I would add that much educational research is behind a pay wall in journals inaccessible to non-researchers, or in very expensive books that aren’t affordable for many schools. Tanya was adamant that “front line professionals are the heart and soul of evidence-based education practice”, and that E4L endeavoured to improve communication between professionals and researchers, teachers and ‘the evidence’. This connection between educational research and practice is one to which I am especially committed.

What does the E4L Toolkit look like?

The E4L effect size league table’s Top 5 edu-practices

A first glance, the E4L toolkit shows a set of effect-size league tables of teaching practices, each showing – via symbols – the average cost of implementation, the ‘evidence security’ of the claim, and the average month’s worth of learning impact.

Visitors to the toolkit can drill down into the site. Clicking on a single practice such as ‘feedback’ reveals summaries addressing the following questions: What is it?; How effective is it?; How secure is the evidence?; What are the costs?; and, What should I consider? Clicking further into ‘References’ reveals the studies that sit behind this practice, with abstracts. Some practices additionally have an Australasian research summary.

Tanya was clear that the toolkit presents averages. In fact, it presents averages of averages, or more accurately meta-meta-analyses. While Tanya advocated for mixed methods – including talking to leaders, teachers and students – most of what the toolkit presents are syntheses of meta-analyses and randomised control trials (often considered the ‘gold standard’ of educational research).

The lock rating symbols, showing apparent ‘security of evidence’ are based on the number of meta-analyses beneath the meta-meta-analysis. It is the notion of evidence security and the simplification of ‘what works’ to effect size league tables that has me feeling cautious about the toolkit and its potential use. In attempting to address education practitioners’ shortage of time to engage with research and the overload of research information out there, does E4L provide an oversimplified tool likely to be accepted uncritically by busy educators working in our schools?

What is meta-analysis?

Meta-analysis is a statistical analysis using an equation: the experimental mean, minus the control group mean, divided by the population standard deviation. Simpson (2017) gives us this description of what happens:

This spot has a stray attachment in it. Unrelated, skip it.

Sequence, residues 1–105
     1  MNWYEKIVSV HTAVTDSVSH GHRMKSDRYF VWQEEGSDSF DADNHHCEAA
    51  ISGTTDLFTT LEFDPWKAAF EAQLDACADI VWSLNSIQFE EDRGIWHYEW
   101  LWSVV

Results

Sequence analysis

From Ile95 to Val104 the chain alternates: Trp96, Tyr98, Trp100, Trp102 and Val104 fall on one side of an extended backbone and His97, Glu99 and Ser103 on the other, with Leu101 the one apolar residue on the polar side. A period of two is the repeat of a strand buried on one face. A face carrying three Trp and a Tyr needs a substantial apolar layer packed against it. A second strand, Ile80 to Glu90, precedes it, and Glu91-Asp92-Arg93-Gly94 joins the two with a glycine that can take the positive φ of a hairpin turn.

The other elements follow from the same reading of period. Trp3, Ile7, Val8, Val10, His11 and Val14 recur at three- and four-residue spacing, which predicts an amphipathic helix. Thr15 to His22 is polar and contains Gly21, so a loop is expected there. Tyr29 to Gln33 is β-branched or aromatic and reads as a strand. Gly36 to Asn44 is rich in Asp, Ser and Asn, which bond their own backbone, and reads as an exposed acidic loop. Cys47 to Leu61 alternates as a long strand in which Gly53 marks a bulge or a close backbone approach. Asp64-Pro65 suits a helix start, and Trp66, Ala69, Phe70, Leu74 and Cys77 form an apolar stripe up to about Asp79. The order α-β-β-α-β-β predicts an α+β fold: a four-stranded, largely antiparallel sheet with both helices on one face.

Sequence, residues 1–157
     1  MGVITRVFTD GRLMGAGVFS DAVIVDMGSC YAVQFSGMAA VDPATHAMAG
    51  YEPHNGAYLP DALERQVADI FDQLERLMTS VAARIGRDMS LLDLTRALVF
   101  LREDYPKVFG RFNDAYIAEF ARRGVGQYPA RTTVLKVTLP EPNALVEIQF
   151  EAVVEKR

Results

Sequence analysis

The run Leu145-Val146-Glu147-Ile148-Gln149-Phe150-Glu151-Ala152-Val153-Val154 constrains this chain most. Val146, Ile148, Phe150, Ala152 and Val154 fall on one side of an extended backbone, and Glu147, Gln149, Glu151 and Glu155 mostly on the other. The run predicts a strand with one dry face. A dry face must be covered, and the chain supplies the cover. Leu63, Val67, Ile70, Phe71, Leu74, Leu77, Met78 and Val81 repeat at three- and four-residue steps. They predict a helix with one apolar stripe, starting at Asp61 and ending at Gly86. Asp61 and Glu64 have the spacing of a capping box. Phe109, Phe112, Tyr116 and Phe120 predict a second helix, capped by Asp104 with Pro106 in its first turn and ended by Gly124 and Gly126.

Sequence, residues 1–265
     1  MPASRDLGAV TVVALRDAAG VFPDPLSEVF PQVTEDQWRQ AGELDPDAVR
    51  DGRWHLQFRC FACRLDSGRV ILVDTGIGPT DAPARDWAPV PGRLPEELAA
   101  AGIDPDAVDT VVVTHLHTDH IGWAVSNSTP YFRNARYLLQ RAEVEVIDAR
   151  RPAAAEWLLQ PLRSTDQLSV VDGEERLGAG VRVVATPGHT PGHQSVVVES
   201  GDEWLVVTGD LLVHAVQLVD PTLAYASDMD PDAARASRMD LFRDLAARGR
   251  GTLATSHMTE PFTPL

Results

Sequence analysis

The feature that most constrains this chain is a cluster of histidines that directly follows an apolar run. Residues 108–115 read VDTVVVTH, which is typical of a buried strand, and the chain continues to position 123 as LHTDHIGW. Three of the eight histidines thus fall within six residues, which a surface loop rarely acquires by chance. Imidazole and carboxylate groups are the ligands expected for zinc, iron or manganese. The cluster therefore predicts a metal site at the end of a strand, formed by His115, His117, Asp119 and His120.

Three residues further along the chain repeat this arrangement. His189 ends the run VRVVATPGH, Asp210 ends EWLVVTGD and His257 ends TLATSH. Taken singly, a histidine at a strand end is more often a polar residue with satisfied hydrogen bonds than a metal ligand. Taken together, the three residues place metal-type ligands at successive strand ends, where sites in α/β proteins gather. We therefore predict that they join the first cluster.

“Individual studies report quantitative measures of the outcomes of particular interventions; meta-analysts collect studies in a given area, convert outcome measures to a common metric and combine those to report an estimate which they claim represents the impact or influence of interventions in that area. Meta-meta-analysis then takes the results of meta-analyses, collected in broader fields, and combines those estimates to provide a rank ordering of those fields which make the most difference.”

Simpson’s paper, released in January this year, challenges analogies between evidence-based practice in medicine and education. Treatments in medicine, he argues, are often standard and well-specified, with agreed outcomes which are relatively easy to measure. Education is more nuanced, complex and contextual.

Simpson invokes Eysenck’s (1984) notion of comparing apples with oranges, when he points out that meta-analyses often do not compare studies with the same comparisons, measures and ranges of participants. He contends that aggregated effect sizes are more likely to show differences in research design manipulation than in effects on learners. Bloggers such as Jon Andrews, in this post, and Gary Jones, in this one, have teased out the limitations of meta-analysis as method in educational research. Gary insists that “if teachers and school leaders wish to use effect sizes generated by research to help prioritise interventions, then it is necessary to look at the original research”, rather than relying on simplified lists. Educators need to look behind the curtain.

Snook et al. (2009) argue that when averages are sought or large numbers of disparate studies amalgamated, as in meta-analyses, the complexity of education and of classrooms can be overlooked.  They also point out that any meta-analysis that does not exclude poor or inadequate studies is misleading or potentially damaging. Terhart (2011) points out that by focusing on quantifiable measures of student performance, meta-analyses ignore the broader goals of education.

Meta-analysis is singled out by Wiliam (2016) as an unsuitable technique for identifying the relative effectiveness of different approaches to student learning. He states that:

Meta-analysis is simply incapable of yielding meaningful findings that leaders can use to direct the activities of the teachers they lead.”

Wiliam’s PowerPoint presentation from last year’s ResearchED conference in Washington—titled ‘Why teaching isn’t—and probably never will be—a research-based profession (and why that’s a good thing)’—presents the problems with meta-analyses for deciding ‘what works’ in education. In the presentation, Wiliam reminds us that everything works somewhere and nothing works everywhere. He encourages us instead to ask: Under what conditions does this work?

Possibilities and reservations

In her E4L Toolkit presentation this week, Tanya Vaughan advocated for trusting the profession to be thoughtful and intelligent and to engage with the research literature that sits behind the seductive league tables of the E4L toolkit. Her call for mixed methods research—for qualitative and quantitative to “play together”—resonated with me. Many methods of research have something to offer the field, and all are limited.